Coming out and admitting publicly the diagnosis that has followed me since I was 19 is a bit scary: I have bipolar II disorder.
There is a stigma attached to bipolar, a mental illness that was formerly called manic depression. Many people would have no idea that I suffer from this, now that I am stable on medication, but it still stings when someone is in a grumpy mood and then someone else uses “bipolar” as an insult to describe the grump’s attitude.
Bipolar is different from regular depression because I go through periods of extreme elation, a high that I don’t need drugs to induce. Then, when I fall, the downward spiral is devastating because I have farther to fall from my high before I hit rock bottom. My manic phases mostly include falling victim to my addictions: shopping without regard to how much is being spent, reading, praying, overeating. I yell a lot. I don’t sleep. During my depressed phases, I can barely drag myself out of bed, and I don’t want to eat anything.
I hate both of these sides of myself. I wish I could stay in the middle, balanced, all the time. Unfortunately, that’s not always simple, but with proper guidance of my doctor, I can minimize the time when I am out of balance.
Managing my moods
There are two forms of bipolar disorder. Bipolar I is the more severe form, and has severe episodes of mania. Bipolar II has less severe episodes of mania, called hypomania, and no symptoms of psychosis or negative impact from mania in work or social functioning.
I want people to know that just because I suffer with this illness, I’m not a bad mom. I have two beautiful kids, and I do my best to ensure that my disease does not negatively affect my ability to parent. Some days, it’s harder than others.
Days that I don’t want to get out of bed, I use that opportunity to wrap or snuggle my littles and read to them or watch cartoons.
Days that I feel like I can do anything, I take them out to the park or go for a walk.
Sometimes I feel disconnected from my kids, especially since weaning my son back in October. Those days, I wear them. Babywearing has allowed me to connect with my children even on my darkest days.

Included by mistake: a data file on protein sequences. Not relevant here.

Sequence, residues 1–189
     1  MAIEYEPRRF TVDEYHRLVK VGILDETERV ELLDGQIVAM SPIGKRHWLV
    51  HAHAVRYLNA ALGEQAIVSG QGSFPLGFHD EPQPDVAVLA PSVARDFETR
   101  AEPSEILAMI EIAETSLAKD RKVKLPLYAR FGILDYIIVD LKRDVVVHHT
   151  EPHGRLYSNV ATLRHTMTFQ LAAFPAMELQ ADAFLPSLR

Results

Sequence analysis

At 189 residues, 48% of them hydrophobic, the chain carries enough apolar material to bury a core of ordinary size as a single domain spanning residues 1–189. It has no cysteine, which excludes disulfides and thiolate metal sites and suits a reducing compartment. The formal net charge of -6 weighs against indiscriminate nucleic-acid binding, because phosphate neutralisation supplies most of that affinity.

I also am not afraid to ask for help when I need it. Being able to find my voice to ask for help is my greatest strength.
I am blessed to say that once I moved to West Columbia, I found mental health professionals much more accessible than when I lived in New York (new patients on Long Island can expect to be put on a waiting list for an intake of 6 to 9 months if not admitted to a hospital). I’ve never been hospitalized because of my condition, as I have never been a danger to myself or anyone else.
There is no definitive known cause of bipolar disorder, although there is some speculation that it could be genetic. I would agree with that assessment, as I do know that bipolar disorder does occur in other members of my family and my uncle lost his battle with mental illness before I was born. If you or someone you love suffers from episodes of mania or depression, please don’t hesitate to seek help.
Here are some local resources for mental health assistance, whether you have bipolar disorder or other conditions:
Services and educational program for Richland and Fairfield county residents (based on income)
- (803) 898-4800
Non-emergency crisis intervention, information and referral
- (803) 790-4357 (HELP)
- (803) 733-5408
- (877) 892-9211
Education and peer support
- (803) 739-5712
Does someone in your family deal with bipolar disorder? Share your story in the comments.